The Castle of the Livonian order, which houses Ventspils Museum since September 2001, is the oldest preserved building in Ventspils, built in the second half of the 13th century (first mentioned in 1290).
The castle was built as a convent-house type building with an inner yard, and can be regarded as the oldest medieval fortress in Latvia to have retained its original form virtually unchanged.
In its turn, the castle chapel is the oldest preserved church building in the region of Kurzeme. In the 13th–16th century the castle was used by the brothers of the Livonian Order, later there was an Evangelical Lutheran church in the castle (1706–1835), a Russian Orthodox church (1845–1901) and also a prison (1832–1959). The castle housed various administrative institutions and army units. The Soviet garrison left the castle in 1983. In 1997 the castle fa?ades were restored and the area around it improved. In the course of study and restoration work, unique 15th–17th century mural fragments were discovered under several layers of plaster, and much evidence concerning the castle and its inhabitants was obtained during archaeological excavation.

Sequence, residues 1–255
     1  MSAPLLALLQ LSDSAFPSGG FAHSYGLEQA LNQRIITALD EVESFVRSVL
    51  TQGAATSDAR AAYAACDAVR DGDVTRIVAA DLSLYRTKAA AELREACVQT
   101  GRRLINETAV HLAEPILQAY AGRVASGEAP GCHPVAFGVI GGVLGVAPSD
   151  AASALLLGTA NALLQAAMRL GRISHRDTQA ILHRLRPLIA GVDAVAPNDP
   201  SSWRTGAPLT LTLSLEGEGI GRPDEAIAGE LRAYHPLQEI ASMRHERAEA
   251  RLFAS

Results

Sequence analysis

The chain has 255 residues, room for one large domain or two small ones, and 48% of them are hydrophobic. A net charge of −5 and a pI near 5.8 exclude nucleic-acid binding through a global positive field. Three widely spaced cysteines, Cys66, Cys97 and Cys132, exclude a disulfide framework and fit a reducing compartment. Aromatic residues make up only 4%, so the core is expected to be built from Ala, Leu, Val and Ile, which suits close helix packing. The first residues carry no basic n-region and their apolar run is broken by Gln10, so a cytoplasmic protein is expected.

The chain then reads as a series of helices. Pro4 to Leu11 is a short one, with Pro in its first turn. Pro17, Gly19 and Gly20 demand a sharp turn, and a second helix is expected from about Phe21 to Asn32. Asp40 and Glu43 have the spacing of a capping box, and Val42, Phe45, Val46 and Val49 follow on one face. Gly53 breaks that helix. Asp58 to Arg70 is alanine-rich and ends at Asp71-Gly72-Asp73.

Restoration work is still underway. In early September 2001, when the first stage of restoration was complete, the permanent exhibition of Ventspils Museum opened, devoted to the history of the castle, the city, the port and the Ventspils region, and featuring Latvia’s only digital exhibition ‘Living history’. The exhibition has been arranged in the attractive castle tower, which has a ‘tele-panorama’ on the fifth floor, as well on as the first floor of the castle, where the great chimney can be seen, and where there is also a museum education centre providing the opportunity for children’s and young people’s activities.
The museum regularly sees temporary exhibitions on art and history, as well as concerts and other events that enrich the city’s cultural life.